Mining proteins for beneficial properties potentially useful in future food, sports drinks and nutraceutical/pharmaceutical applications products is an important task for New Zealand’s red meat sector. A scientific team is seeking to add value to its product streams through health and flavour attributes.
AgResearch science impact leader meat products and supply, Dr Cameron Craigie, describes the work of the proteins and biochemistry team from the Crown Research Institute’s Food and Bio-based Products Group as “Foods with Benefits”.
“Sensory performance is a must have for consumers, but we also need to look at identifying additional beneficial attributes for meat consumers, beyond the sensory experience,” he says.
“The team is using deep phenotyping to start to understand what the underlying biology is behind every element of meat protein and lipids.”
Protein biochemistry specialist and AgResearch senior scientist Dr Santanu Deb-Choudhury is in one of the teams working on that understanding.
His interest in proteins was piqued during his Masters and PhD Biochemistry degrees at India’s North Eastern Hill University, which focused on protein chemistry. He subsequently worked at one of India’s leading pharmaceutical companies, Biocon India Ltd, where he was extracting elements for future pharmaceutical use.
Deb-Choudhury arrived in New Zealand in 1998 and eventually joined Massey University as a post-doctoral researcher under Dr Gillian Norris at the Institute of Molecular and BioSciences. While there, he was involved in projects on collagen use and function with LASRA, (the New Zealand Leather and Shoe Research Association).
In 2007, he was offered his current job with AgResearch and the New Zealander is now happily settled in Canterbury with his young family near his work at its Lincoln Research Centre. There he is engaged in a wide range of projects, especially where they need application of chromatography, electrophoresis and mass spectrometry techniques.
Part of his work involves bioactive peptide discovery. He says they have not yet discovered everything there is to know about these short peptides, which may range from 2-20 amino acids in length.
“In particular, we’re working on our understanding various interactions between these peptides and other substances by which we can manipulate flavour in meat-based ingredients with increased flavour intensities.” he explains.
Another team member Dr Stephen Haines started to develop a database of peptides and related profiles in 2012. Information was initially obtained from multiple public databases and scientific literature but has since grown to over 65,000 profile entries in categories – such as antihypertensive, antimicrobial, antioxidative, ace-inhibitors, opioid, enzyme inhibitory and so on – and several flavour attributes.
“Bioactives can be free, which will directly contribute to the sample’s bioactivity or encrypted also known as cryptides. These are short peptide sequences that will contribute to the sample’s bioactivity if released from longer sequences, by enzyme action, such as during chewing or during digestion,” says Deb-Choudhury.
The team also has bitterness prediction tools, based on the peptide sequences and sizes. “Bitterness is most common, but we can also identify salty, sweet, sour and umami elements of flavour profiles that may offset the bitterness,” he says.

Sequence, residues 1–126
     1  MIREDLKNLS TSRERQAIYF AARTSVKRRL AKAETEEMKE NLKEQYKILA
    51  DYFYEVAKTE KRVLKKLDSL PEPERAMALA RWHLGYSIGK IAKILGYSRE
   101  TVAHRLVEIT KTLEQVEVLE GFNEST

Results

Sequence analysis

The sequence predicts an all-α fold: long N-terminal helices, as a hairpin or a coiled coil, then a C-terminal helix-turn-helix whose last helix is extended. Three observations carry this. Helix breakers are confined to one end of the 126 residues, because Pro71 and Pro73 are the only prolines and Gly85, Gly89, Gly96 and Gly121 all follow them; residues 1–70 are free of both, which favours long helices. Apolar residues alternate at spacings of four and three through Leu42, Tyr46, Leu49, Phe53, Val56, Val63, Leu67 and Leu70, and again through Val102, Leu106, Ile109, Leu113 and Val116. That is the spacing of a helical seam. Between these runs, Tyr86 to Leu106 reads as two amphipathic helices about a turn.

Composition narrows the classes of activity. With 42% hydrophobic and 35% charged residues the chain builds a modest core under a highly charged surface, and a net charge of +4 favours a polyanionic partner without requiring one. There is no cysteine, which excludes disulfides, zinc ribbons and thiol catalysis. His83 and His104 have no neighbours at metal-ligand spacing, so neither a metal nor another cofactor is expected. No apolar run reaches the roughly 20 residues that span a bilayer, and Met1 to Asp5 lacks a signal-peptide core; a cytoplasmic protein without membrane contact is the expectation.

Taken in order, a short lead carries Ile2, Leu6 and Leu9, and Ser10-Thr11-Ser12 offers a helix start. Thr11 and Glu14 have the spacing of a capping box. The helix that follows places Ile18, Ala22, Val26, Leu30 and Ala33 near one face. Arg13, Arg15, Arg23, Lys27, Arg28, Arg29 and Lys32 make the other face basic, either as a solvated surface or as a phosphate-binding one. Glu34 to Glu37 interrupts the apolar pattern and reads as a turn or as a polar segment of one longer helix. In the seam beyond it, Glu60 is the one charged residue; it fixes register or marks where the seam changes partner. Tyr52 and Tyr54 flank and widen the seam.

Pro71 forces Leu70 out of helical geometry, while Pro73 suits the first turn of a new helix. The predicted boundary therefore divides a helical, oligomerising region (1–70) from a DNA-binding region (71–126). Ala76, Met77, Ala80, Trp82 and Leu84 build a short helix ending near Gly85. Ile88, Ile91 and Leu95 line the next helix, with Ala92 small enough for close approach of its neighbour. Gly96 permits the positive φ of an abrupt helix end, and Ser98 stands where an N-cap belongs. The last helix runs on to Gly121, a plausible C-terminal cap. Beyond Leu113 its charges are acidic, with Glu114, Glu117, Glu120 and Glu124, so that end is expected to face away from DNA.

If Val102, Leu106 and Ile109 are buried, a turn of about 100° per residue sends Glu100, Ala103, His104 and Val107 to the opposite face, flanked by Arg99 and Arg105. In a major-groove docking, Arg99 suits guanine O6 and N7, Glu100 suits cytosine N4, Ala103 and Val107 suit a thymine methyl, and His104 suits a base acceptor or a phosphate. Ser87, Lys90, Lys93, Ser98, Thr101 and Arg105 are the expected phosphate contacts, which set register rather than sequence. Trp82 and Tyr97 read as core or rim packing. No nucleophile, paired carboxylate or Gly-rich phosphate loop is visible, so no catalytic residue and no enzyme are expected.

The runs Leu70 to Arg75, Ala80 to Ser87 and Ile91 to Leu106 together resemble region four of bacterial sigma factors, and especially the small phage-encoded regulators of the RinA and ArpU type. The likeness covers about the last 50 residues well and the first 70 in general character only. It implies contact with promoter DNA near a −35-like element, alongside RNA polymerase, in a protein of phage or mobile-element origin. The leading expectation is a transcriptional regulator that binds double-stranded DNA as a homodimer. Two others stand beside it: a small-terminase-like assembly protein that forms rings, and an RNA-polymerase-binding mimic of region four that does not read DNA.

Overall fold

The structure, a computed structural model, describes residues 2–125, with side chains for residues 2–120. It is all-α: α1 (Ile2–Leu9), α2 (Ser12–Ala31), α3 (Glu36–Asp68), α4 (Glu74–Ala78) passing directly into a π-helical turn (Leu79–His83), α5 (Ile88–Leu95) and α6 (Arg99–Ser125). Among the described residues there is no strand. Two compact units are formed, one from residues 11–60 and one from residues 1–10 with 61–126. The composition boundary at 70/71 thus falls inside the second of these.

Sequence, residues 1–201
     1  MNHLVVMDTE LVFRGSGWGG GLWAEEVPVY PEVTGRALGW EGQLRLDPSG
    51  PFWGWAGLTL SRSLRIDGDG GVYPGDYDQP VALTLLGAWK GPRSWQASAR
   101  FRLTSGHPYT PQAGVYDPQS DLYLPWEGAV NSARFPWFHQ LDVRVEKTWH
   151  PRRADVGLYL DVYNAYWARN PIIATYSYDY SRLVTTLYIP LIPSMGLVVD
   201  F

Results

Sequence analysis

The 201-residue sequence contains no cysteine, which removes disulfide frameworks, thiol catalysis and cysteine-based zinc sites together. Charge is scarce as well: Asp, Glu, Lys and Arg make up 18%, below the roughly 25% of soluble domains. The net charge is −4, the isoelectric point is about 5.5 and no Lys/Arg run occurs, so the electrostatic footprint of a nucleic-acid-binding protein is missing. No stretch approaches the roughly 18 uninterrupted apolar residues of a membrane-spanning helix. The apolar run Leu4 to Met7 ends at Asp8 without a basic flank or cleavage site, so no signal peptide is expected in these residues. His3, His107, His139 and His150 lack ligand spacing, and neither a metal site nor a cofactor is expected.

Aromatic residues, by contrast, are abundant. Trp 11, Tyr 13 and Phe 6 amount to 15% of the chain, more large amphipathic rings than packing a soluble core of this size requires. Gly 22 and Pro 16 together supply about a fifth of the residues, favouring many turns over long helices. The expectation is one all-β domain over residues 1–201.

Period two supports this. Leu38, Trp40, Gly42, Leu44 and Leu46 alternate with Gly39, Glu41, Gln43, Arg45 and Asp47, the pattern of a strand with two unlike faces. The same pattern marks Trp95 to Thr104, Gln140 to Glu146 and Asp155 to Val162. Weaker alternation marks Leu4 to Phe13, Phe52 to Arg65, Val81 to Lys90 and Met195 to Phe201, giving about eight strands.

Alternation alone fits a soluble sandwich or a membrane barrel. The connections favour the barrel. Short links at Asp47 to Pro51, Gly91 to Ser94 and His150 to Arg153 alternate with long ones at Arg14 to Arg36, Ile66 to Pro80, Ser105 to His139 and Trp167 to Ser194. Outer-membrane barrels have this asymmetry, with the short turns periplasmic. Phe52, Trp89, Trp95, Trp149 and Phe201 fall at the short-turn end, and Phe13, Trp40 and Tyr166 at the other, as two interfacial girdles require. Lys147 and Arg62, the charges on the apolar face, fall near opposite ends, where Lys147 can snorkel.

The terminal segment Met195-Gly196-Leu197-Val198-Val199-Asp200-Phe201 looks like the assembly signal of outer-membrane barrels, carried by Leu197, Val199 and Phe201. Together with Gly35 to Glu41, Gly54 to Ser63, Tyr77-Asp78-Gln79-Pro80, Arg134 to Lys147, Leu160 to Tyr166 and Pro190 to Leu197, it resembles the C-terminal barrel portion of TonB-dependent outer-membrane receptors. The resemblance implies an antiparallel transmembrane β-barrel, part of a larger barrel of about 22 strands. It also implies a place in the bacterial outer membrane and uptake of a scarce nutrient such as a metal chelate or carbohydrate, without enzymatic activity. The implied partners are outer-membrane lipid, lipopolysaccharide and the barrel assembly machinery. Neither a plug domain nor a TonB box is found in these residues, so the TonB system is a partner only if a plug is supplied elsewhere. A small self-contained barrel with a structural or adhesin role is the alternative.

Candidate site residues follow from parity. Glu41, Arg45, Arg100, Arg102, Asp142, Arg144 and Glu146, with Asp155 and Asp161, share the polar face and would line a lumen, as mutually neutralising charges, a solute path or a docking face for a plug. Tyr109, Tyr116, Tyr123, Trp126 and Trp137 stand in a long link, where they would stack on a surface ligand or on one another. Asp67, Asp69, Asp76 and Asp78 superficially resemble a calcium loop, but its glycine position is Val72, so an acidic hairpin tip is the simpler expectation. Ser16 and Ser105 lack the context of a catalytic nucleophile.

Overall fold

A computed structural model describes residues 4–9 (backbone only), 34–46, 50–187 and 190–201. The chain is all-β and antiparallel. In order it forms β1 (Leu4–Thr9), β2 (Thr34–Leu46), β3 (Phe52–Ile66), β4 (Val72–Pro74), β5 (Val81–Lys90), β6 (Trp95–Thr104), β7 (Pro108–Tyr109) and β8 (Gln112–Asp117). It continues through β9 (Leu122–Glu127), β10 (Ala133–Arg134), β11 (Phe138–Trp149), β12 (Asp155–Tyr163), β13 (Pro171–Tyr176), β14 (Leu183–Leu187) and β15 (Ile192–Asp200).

The team is now moving to prediction linked to processing conditions and to using a single platform to get a comprehensive understanding of the nutritive and taste qualities of food.
Dr Deb-Choudhury spoke on the topic at the recent New Zealand Institute of Food Science and Technology conference, using beef co-products as an example. He talked about what sort of peptides and amino acids can be produced, what their properties were and how they could be combined to produce interesting flavour profiles.
“We’re getting nice trends,” he explains, “Not only peptides but also unique amino acid profiles too, which give unique taste properties. Nothing is in isolation.”
Ongoing work is investigating bioactive peptide generation when meat is combined with a co-product – such as spleen, kidney or liver – the aim being to generate greater value from the lower-value product streams from meat processing plants.
“We simulated digestion of the extracts and modelled where they could be released in the gut,” he explains, adding more work will be needed on whether the bioactive peptides would survive the enzymatic processes at that point.
He has already started to write up a paper on the co-products work, funded by the AgResearch Strategic Science Investment Fund, which will include taste profiles and the early work on physiological activity prediction.
Another major project linked to this work will start with Meat & Livestock Australia (MLA) in the near future to see if flavours can be intensified for products used for snacks and the elder-care sector.
A multi-team approach is a key to the group’s success within AgResearch. The bioactive peptide related work is also acting as an important platform and informer for other AgResearch studies. These include Dr Carolina Realini’s work on sheep age and flavour of lamb and food technologist Dr Mustafa Farouk’s work on condiments/marinades on meat.